Hariri announced his resignation as prime minister of Lebanon on November 4 from Riyadh on the Saudi-funded Al-Arabiya news network, accusing Iran of destabilizing Lebanon and the region. Many Lebanese, including President Michel Aoun and Hezbollah Secretary-General Hassan Nasrallah, have said they believe Hariri resigned under Saudi pressure.
Hariri flew to Paris Saturday and vowed to return to Lebanon to attend celebrations marking the country’s independence day on November 22.
It’s not clear whether Sunday’s Arab League meeting will translate into concrete action. The League is notorious for passing resolutions and issuing communiques which are rarely acted upon. It is, however, the first time the Arab League has taken such a strong public stand against Hezbollah.
Reacting to the emergency meeting, Iranian Foreign Minister Javad Zarif said, “Unfortunately countries like the Saudi regime are pursuing divisions and creating differences, and because of this they don’t see any results other than divisions.”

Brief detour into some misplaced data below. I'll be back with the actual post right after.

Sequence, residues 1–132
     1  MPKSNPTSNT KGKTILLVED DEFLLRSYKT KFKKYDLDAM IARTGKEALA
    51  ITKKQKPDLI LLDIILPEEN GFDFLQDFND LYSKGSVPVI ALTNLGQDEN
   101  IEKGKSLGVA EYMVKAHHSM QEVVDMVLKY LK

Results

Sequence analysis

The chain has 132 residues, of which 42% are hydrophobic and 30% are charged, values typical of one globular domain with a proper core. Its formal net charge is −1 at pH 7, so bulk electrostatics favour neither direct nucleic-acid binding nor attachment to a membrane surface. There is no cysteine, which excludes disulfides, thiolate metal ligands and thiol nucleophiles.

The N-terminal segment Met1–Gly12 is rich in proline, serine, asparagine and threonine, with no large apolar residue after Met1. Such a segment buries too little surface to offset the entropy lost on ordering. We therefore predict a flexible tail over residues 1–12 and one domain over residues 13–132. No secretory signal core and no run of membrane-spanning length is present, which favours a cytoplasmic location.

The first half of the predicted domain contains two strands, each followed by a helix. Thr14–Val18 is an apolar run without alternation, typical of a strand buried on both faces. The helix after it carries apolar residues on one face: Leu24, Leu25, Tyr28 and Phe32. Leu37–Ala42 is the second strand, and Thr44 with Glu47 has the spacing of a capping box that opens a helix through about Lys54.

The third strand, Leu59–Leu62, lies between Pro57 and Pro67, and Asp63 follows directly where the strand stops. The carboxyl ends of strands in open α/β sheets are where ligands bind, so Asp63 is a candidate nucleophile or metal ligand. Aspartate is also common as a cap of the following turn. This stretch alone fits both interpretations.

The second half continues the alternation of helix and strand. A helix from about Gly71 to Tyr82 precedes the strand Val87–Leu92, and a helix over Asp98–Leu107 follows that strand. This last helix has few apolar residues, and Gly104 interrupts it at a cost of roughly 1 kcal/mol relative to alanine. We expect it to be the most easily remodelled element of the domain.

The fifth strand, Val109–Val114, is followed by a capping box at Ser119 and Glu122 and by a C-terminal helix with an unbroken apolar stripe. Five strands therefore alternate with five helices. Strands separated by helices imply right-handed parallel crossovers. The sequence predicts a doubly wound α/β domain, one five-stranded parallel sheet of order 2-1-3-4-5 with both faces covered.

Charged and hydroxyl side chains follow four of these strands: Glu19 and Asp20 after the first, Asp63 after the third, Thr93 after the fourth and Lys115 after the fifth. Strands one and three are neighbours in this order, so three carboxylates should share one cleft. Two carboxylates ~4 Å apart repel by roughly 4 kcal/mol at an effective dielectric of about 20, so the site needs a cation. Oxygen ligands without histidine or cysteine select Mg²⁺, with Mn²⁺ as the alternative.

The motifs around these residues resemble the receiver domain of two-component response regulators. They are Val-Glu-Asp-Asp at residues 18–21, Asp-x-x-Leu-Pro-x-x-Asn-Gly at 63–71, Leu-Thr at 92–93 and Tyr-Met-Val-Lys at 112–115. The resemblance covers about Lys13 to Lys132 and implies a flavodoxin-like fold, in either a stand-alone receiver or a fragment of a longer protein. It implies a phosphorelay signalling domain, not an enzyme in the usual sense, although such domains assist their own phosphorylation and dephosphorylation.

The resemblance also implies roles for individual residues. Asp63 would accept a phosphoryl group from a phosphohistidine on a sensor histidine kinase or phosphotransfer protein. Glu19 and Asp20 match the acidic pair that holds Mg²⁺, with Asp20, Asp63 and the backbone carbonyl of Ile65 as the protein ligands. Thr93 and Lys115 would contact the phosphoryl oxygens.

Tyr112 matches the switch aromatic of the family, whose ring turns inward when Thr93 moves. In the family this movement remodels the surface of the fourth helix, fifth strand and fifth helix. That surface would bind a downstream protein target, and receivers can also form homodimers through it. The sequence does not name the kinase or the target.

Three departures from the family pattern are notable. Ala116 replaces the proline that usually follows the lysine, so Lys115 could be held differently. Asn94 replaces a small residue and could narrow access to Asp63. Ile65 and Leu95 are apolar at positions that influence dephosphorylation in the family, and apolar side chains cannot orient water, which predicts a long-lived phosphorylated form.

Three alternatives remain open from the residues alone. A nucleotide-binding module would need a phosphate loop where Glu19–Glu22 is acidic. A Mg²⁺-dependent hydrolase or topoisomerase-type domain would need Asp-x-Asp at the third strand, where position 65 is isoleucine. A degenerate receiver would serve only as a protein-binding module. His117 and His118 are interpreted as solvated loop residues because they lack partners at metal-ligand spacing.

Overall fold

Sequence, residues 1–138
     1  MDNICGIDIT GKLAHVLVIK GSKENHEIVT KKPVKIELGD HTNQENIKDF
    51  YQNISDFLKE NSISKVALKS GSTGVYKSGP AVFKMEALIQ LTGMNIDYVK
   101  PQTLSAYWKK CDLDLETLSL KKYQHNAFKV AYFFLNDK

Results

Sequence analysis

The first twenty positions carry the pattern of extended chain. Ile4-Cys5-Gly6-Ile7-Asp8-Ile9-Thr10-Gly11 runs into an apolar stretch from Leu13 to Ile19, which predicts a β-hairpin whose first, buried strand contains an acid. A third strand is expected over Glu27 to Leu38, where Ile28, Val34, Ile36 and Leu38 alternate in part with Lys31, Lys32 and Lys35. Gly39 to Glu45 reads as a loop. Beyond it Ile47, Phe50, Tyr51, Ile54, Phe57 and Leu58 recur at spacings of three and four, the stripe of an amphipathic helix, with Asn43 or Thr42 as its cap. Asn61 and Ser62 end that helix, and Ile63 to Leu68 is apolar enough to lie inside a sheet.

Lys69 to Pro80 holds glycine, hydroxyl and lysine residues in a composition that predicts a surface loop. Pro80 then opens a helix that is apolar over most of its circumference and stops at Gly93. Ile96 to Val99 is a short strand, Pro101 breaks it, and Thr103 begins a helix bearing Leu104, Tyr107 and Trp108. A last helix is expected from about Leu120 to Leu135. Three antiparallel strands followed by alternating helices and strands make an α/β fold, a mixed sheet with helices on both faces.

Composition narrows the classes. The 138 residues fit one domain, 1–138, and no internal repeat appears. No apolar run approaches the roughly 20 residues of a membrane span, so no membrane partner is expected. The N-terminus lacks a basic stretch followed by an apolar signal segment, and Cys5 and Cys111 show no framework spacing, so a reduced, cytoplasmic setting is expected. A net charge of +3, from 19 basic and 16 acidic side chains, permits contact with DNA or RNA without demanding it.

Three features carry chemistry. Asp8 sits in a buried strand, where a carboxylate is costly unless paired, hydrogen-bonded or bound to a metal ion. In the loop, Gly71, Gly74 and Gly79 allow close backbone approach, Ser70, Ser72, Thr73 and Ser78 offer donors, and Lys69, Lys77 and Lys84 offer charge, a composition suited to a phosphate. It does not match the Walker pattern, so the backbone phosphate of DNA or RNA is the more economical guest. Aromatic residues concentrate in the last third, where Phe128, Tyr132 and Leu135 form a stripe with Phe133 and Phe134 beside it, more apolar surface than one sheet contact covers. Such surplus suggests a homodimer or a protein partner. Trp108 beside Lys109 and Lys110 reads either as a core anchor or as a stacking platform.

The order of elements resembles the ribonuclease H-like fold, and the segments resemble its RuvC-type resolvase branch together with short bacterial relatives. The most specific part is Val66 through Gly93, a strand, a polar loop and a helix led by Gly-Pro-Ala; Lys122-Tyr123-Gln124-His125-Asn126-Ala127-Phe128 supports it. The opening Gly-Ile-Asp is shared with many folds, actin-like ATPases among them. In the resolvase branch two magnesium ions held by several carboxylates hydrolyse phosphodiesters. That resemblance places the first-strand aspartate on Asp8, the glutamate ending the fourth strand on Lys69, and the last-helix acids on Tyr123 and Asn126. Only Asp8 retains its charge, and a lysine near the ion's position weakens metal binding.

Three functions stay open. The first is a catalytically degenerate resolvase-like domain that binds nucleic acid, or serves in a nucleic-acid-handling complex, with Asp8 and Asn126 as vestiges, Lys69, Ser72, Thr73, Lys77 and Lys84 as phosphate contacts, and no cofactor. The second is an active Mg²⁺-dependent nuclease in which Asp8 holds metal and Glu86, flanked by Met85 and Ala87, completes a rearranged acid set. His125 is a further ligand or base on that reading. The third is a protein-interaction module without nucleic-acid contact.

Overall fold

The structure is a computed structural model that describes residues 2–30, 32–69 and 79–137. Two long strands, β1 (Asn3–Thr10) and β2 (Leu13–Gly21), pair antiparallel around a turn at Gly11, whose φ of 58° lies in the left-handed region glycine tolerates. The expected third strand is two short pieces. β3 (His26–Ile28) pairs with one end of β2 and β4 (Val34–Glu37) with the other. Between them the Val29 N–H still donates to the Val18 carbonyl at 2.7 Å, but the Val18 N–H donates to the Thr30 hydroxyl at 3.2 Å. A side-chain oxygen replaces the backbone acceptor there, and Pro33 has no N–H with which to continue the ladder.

While the Arab foreign ministers deliberated in Cairo, Iran’s growing power across the region was on display in Syria. On Sunday evening Hezbollah’s media unit posted on YouTube a video of Qassem Suleimani, the powerful head of Iran’s Quds Force, meeting with what appeared to be Iraqi, Lebanese and Syrian fighters in the newly liberated Syrian town of Albu Kamal. The town, on the Iraqi-Syrian border, was the last significant population center in Syria to be held by ISIS.
Iranian forces have played a key role in backing the regime of Syrian President Bashar Al-Assad in its war against the rebels and ISIS.
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Prime Minister Benjamin Netanyahu attends the weekly cabinet meeting in Jerusalem on November 19, 2017. (AFP PHOTO / POOL / RONEN ZVULUN)
Prime Minister Benjamin Netanyahu said Sunday that Israel’s response to any peace plan proposed by the Trump administration would be determined solely by the country’s security needs and interests.
The comments came amid reports that the US plans to push forward with a peace plan that would recognize a Palestinian state but leave open the possibility for all Israeli settlers to remain in their homes. An Israeli TV report to this effect Saturday night was dismissed as inaccurate by both Israel and the US.